Honda might have pushed too far in the wrong direction on the last-generation Accord now being replaced. Introduced as a 2008 model, it had grown just enough to be called a full-size car instead of midsize. Honda said at the time it wanted to compete with both the midsize Camry and the full-size Toyota Avalon.
"The old one lost a little bit of its 'Accordness,'" Mendel says. "It was right for the time, but with everything moving smaller, it was time to get back to our roots."
The 2013 is 3.5 inches shorter and rides on a wheelbase almost an inch shorter. Both the sedan that most buyers will choose and the sportier coupe, coming in October, give up a little passenger space for a bigger trunk. Honda notes that rear-seat legroom improves, however.
Despite the downsizing, Honda trimmed just 24 pounds from the new sedan, edging it down to 3,192 pounds. The coupe is 2 pounds heavier than the car it replaces. Cutting weight is a key to improving mileage without sacrificing performance.
A plug-in gasoline-electric hybrid version goes on sale early next year as a 2014 model. A conventional hybrid, without the plug-in feature, is scheduled for next summer.
Key features, and how they might play out:
Styling. The car's most vulnerable point.
Lindland says that when she saw the car, "What struck me is that this wasn't going to win any design awards." But, she adds, "I don't think anyone would say the Camry (styling) lights the world on fire. And it's important to remember that the midsize buyer isn't looking to light the world on fire."
Says Schuster, "From a design standpoint, they obviously went conservative."
And that's by design, says Mendel: "Radical doesn't age well."
On the other hand, more dramatic styling has propelled Hyundai's Sonata and Kia's Optima into the midsize front ranks, so at least some family-sedan buyers like a jazzy appearance.
Technology. Accord boasts about direct fuel injection, which can boost both mileage and power. But it's late to the party. Several rivals already have direct injection.
A unique camera view of traffic lanes to the right and behind the car takes the place of the more-common blind-spot warning system. That could wow some shoppers.
But on the driver's side, blind-spot help is a special mirror, which some might see as inferior to the warning lights that some others offer.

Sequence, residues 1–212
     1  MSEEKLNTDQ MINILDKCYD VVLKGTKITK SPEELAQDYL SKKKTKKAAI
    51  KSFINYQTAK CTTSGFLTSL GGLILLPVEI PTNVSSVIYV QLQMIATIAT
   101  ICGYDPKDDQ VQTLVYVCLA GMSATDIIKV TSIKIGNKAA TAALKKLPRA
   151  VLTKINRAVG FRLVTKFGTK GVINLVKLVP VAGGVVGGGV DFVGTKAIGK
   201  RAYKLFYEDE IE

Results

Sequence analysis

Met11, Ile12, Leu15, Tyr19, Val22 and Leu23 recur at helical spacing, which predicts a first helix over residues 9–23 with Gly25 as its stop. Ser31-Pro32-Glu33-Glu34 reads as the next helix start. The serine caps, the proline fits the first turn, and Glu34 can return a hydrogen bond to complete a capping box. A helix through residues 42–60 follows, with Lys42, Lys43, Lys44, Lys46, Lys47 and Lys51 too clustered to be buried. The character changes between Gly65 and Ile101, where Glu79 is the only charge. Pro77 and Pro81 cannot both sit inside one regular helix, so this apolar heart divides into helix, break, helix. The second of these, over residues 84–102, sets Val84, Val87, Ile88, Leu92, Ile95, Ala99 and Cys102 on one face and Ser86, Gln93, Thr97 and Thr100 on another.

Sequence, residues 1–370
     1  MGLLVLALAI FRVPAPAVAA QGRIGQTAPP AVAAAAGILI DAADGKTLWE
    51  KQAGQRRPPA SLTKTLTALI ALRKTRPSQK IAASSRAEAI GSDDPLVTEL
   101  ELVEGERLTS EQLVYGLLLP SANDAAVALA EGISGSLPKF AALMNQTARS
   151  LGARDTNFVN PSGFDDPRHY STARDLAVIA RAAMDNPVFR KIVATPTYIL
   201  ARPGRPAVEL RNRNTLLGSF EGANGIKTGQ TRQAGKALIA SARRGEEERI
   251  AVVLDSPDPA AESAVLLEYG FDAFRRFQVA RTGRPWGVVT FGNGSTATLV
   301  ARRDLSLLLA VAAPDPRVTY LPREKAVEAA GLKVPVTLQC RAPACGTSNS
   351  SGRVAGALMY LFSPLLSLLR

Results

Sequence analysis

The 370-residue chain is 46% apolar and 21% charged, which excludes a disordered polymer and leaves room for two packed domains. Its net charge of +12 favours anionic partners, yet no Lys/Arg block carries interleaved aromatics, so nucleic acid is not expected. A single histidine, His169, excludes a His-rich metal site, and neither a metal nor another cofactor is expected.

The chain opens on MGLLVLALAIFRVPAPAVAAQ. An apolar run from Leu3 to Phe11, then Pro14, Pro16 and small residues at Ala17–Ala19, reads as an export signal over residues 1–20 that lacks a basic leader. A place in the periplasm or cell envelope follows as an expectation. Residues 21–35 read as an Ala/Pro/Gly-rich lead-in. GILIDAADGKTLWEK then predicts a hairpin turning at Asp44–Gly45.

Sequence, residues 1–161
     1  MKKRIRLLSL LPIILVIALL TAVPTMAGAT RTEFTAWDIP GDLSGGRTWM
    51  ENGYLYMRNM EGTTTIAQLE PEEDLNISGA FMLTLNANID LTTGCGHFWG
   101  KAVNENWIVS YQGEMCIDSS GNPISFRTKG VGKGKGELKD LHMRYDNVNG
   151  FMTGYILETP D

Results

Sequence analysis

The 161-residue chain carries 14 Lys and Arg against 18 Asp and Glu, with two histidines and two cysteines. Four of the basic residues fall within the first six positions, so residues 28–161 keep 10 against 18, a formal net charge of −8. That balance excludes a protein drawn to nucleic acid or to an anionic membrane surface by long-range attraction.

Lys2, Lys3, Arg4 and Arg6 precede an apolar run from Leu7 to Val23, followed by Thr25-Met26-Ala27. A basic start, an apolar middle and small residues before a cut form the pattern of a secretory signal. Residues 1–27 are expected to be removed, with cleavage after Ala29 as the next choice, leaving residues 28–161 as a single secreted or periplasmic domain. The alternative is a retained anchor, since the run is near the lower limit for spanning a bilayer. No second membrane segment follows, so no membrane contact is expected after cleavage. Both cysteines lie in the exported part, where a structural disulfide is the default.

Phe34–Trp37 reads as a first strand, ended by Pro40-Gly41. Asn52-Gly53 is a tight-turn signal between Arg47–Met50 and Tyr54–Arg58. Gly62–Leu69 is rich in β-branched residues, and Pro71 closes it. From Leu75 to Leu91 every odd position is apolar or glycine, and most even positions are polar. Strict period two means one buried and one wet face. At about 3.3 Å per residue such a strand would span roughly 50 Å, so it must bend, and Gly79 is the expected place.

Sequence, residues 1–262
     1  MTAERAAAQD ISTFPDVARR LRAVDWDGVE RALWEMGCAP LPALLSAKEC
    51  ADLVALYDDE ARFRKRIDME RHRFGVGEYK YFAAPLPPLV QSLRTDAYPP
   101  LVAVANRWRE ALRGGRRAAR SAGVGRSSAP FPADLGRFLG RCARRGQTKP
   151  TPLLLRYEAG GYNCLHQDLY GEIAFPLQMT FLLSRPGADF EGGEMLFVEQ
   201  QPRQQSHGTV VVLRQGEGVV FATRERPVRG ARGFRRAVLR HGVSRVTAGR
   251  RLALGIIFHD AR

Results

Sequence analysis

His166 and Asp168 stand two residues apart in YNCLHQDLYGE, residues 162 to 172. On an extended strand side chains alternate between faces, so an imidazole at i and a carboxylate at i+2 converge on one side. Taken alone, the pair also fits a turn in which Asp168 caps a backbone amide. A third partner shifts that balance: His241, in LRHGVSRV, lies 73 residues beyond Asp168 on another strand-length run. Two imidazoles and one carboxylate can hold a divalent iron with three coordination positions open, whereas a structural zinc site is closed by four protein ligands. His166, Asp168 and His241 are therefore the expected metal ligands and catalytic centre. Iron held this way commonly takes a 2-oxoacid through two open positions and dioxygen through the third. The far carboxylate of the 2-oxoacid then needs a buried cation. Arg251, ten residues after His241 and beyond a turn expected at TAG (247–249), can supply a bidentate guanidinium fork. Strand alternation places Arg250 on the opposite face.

Most of the new Accord's tech features aren't exclusive, but are the price of entry nowadays. Honda says standard items include a Bluetooth hands-free phone link, cord-free audio streaming, rear-view camera and dual-zone climate control.
High-tech features on the up-level trims, often found on premium cars and now moving mainstream, include lane-departure warning, collision warning and adaptive cruise control, which adjusts speed when the car gets close to others.
Noise. Not much after all the refinements, Honda says. But Lindland, who drove Accords at a Honda event, says she found it "a little louder than I would have liked" on some surfaces.
Drivetrain. Four-cylinder models with automatic transmissions use continuously variable-ratio transmissions, which not all drivers like. CVTs deliver better mileage, but rev the engine hard and keep it revved when accelerating fast, resembling the sound and feel of a manual-shift car with a slipping clutch. The V-6 models use a conventional six-speed automatic.
Honda says the new four-cylinder has more horsepower than the base four in the outgoing car: 185 hp vs. 177 hp. But it also has 5 hp less than the other four-cylinder in the 2012, which was the engine many people bought. The new one could seem like backsliding to people who pore over specifications online before deciding which cars to put on their shopping lists.
Suspension. The front now has "MacPherson struts." Honda says they deliver "superior ride and handling qualities, while also reducing interior noise, vibration and harshness." But some buyers will consider it "dumbing down" compared with the sports-car style "double-wishbone" design of the outgoing model.
Lindland found the cars she drove "rough" and "a little bit harsh" on some roads, but overall, she says, Accord was "very, very well behaved."
Damned with faint praise?
No matter, Mendel says. Accord can succeed without being best in any single category. It's the whole, not the parts. "There is no one thing that will make it better," he says, "It's everything."